All this is well known. What the British government is trying to do is conceal the fact that this is its official view, too, in an attempt to salvage the Rwanda deportation scheme. Liz Truss is apparently holding up publication of the Foreign Office’s annual human rights report so as not to make public its criticisms of the Kagame regime.
Whenever anyone dares to criticise Rwanda online there is usually a swarm of Kagame-supporting trolls trying to push back. Earlier this year, after the unveiling of the Rwanda deal drew public criticism, Rwandan government trolls were joined by a new online army: Tory ministers, MPs and media friends who suddenly discovered their anti-racist credentials.
The home secretary, Priti Patel, claimed that criticism of the scheme “speaks of inbuilt prejudice and, I would even go as far as to say, racism”. Tory MP Daniel Kawczynski told the LBC broadcaster Iain Dale that the pushback was “very, very racist”. (The fact that Kawczynski seemed not to understand the scheme at all, believing that it was about allowing Rwanda “to process them [asylum seekers] for us” when it is actually a one-way deportation ticket might make one wary of his analytical capacities.)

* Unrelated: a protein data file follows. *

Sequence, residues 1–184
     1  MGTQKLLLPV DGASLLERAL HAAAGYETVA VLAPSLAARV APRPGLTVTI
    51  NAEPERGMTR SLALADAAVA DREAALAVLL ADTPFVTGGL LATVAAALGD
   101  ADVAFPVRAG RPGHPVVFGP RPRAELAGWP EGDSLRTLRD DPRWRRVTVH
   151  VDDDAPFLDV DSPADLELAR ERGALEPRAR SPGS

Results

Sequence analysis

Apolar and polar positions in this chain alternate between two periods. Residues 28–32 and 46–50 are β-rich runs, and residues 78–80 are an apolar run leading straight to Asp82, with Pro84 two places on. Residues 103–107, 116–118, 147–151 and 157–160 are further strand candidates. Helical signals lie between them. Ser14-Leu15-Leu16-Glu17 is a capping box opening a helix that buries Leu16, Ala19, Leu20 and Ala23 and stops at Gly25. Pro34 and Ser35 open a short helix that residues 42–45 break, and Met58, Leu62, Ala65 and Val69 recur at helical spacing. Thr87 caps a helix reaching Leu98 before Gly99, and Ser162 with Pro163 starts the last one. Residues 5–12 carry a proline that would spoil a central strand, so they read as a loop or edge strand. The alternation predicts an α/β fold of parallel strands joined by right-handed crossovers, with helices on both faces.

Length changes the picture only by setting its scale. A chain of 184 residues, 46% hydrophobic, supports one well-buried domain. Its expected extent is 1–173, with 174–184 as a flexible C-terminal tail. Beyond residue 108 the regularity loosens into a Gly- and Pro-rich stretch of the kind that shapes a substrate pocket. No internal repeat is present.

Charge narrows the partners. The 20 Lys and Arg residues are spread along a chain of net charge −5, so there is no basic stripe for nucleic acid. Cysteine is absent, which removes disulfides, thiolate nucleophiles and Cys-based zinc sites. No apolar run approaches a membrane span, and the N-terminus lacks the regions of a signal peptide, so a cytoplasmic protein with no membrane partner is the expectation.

The Conservative peer and adviser to the British Board of Trade Daniel Hannan claimed that the critics were displaying “belittling and racist attitudes”. “Rwanda is a safe and prosperous country, guys,” he insisted. “Try to get over your stereotypes about Africa.” Which might be true if a nation that locks up its dissidents and is defined by the World Bank as a low-income country and among the poorest nations of the world could be described as “safe and prosperous”.